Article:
Reality IT: Taming the Wild Inbox

Faced with bloated inboxes, our team realized there are two ways to motivate reluctant users to purge thousands of old e-mails: sticks (threats) and carrots (incentives).

June 28, 2006

3 Min Read
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Our CIO, Steve Fox, recently convinced ACME senior management of the need to restrict the size of user e-mail inboxes and regularly purge certain folders. Previously, our users had no e-mail quota nor were old messages ever purged. That's because managers and users would make such a stink at the merest hint of such a plan that Steve would back down. In fact, IT wasn't even allowed to get rid of mail in the Deleted Items folder--despite my argument that it was not called the "Retained Items" folder for a reason. But we finally found the right combination of sticks and carrots to overcome managerial resistance and bring users into line.

The Mail Plan

Under our new policy, user inboxes and subfolders wouldn't be purged, but there would be a 500-MB limit on each mailbox. And every day we would purge e-mail older than 60 days in the Deleted Items folder--we had wanted 30 days but we compromised--and older than 90 days in the Sent Items folder.

This sounded reasonable--at least to us--but managers and users still needed convincing. So how did we get them on board? There are two ways to get a donkey moving: You make a threat (the stick) or offer an incentive (the carrot).

We tried various sticks with management, but the one that really got them going was the threat of lawyers. We explained the potential legal ramifications of keeping e-mail forever. In a court case, our company might be required to hand over any e-mail on the system, including tape backups. This means it would be in our best interest to get rid of older e-mail--in accordance with regulatory guidelines, of course.Disaster recovery also proved a potent argument. Restoring huge mailboxes from tape can take countless hours. Because e-mail is such a critical app, managers would rather see e-mail restored quickly than have unlimited mailboxes.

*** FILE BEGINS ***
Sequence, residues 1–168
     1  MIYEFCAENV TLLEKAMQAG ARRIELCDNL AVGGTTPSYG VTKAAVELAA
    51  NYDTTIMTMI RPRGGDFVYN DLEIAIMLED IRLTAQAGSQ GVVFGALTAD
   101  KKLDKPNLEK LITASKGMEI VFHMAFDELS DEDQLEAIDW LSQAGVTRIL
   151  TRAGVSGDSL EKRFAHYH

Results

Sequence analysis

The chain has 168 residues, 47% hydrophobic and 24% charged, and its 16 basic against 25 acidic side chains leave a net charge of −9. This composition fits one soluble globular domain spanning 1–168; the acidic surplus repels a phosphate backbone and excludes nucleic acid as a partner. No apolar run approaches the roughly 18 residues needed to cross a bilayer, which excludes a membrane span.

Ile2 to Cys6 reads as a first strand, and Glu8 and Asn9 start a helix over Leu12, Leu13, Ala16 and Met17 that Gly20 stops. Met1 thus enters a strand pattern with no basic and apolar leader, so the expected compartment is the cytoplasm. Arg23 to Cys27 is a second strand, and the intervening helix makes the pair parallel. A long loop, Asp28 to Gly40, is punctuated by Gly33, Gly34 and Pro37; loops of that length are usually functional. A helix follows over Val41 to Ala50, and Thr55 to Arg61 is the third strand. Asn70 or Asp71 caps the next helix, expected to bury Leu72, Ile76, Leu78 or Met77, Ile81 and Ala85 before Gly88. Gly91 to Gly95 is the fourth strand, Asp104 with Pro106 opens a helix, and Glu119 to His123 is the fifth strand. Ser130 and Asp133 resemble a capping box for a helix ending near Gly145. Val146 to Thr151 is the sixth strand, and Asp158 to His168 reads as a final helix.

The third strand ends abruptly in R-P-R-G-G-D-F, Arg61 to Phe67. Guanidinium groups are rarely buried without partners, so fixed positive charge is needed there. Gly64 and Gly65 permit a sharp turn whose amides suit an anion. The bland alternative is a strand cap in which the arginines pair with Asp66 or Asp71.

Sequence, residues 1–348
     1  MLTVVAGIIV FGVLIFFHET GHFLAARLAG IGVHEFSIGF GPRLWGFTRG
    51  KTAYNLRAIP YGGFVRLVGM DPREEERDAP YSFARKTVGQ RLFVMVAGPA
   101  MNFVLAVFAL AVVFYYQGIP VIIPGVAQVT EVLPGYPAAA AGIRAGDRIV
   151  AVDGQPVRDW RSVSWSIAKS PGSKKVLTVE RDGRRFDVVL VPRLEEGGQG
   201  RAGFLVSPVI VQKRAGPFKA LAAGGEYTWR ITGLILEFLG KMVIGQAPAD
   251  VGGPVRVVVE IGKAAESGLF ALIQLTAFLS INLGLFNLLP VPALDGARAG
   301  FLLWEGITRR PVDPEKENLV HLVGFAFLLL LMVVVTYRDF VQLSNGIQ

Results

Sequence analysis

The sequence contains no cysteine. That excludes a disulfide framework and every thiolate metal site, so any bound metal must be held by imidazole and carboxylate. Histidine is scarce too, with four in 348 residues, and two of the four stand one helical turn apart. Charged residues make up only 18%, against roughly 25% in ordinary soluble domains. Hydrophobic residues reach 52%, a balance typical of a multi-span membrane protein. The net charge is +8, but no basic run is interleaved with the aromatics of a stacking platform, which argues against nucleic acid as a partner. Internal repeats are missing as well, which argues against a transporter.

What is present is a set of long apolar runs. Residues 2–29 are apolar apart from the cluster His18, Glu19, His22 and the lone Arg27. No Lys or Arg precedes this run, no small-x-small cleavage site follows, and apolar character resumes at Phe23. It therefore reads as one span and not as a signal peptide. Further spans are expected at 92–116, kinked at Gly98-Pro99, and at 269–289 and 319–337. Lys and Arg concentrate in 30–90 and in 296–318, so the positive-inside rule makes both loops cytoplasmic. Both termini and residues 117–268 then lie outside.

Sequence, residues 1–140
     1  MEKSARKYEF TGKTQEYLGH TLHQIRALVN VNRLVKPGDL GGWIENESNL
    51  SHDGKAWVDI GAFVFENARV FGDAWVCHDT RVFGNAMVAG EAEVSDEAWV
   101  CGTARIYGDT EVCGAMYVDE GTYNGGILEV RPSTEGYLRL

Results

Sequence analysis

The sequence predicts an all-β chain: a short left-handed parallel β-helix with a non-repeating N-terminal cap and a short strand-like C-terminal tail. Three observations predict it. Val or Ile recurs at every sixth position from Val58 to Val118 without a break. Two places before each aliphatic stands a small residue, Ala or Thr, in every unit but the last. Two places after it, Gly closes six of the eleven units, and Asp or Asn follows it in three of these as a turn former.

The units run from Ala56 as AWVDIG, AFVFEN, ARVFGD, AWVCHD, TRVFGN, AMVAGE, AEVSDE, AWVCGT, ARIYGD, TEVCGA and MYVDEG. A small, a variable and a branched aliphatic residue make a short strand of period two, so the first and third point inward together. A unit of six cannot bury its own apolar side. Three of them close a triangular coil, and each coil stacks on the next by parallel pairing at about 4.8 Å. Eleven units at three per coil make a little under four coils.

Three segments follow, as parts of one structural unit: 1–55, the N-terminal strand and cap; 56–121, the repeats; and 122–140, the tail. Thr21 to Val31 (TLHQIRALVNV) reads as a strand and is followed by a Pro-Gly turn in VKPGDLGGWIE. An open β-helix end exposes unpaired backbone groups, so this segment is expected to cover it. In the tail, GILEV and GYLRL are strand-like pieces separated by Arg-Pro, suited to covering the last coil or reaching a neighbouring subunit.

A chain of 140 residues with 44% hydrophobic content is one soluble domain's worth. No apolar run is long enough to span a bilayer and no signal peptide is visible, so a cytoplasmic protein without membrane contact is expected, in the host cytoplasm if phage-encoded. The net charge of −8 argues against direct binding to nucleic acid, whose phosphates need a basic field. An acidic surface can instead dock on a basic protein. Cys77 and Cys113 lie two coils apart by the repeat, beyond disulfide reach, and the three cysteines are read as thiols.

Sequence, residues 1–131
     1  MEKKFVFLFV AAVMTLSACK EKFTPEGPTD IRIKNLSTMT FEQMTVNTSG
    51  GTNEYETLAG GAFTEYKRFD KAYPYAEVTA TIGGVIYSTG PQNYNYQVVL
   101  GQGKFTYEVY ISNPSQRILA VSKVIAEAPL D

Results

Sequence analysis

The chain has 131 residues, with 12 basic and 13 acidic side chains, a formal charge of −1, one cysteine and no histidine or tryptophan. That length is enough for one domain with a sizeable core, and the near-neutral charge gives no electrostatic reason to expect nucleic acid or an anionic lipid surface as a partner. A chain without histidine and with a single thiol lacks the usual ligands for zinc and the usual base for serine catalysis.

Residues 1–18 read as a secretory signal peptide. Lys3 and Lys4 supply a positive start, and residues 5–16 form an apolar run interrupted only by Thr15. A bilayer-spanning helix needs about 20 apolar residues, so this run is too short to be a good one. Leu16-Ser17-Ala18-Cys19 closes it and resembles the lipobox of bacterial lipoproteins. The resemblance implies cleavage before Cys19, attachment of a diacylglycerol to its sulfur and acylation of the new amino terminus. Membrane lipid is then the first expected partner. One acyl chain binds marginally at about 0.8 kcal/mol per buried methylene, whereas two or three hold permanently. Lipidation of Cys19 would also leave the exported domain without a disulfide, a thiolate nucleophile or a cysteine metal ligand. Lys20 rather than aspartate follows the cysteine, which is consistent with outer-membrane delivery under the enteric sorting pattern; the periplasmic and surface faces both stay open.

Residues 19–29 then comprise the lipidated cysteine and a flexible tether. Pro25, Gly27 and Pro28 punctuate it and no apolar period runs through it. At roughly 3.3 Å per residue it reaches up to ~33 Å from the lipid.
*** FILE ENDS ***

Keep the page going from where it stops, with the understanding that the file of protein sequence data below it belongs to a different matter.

Send in the Carrots

Many users objected vehemently to the new policy. They seemed to think their e-mail--and they themselves--were special and thus deserving of exclusive treatment. Yeah, right.

We distributed e-mail (of course) that explained the reasons behind the new policy and showed how it would benefit the company. We also wanted the users understand that it was a serious issue, not just some random new IT restriction.

But, as the deadline approached, we still heard grumbling. One problem was paring back mailboxes that were already well over the 500-MB limit. And the helpdesk staff was growing frustrated by users' complaints about the impending restrictions.We could've played hardball with our recalcitrant users, but one of the staff members thought an incentive might be more effective. His idea was to reward the 10 employees who reduced their mailboxes the most with $50 gift certificates to an online shopping site.

This carrot worked amazingly well. Users began dumping tons of e-mail, and some actually checked in with the helpdesk to see how much they had reduced their message store. A week later we posted the list of winners.

Minor Insurrection

But the story isn't over yet. An IT axiom states that for each measure IT puts in place, users will find an equal and opposite workaround. In this case, a few users set up autoarchives to move e-mail to local disk folders--then they shared this technique with others. This is frustrating because these users reintroduced the risks that our measures were meant to address in the first place.

On balance, however, this e-mail project was a success. The managers and most users are cooperating, and we are satisfied with the level of compliance, particularly because everyone understands the requirements and reasoning behind the policy. With the right combination of sticks and carrots, we got this donkey moving. Not that I'm saying our users are donkeys, of course.Hunter Metatek is an enterprise IT director with 15 years' experience in network engineering and management. The events chronicled in this column are based in fact--only the names are fiction. Write to the author at [email protected].

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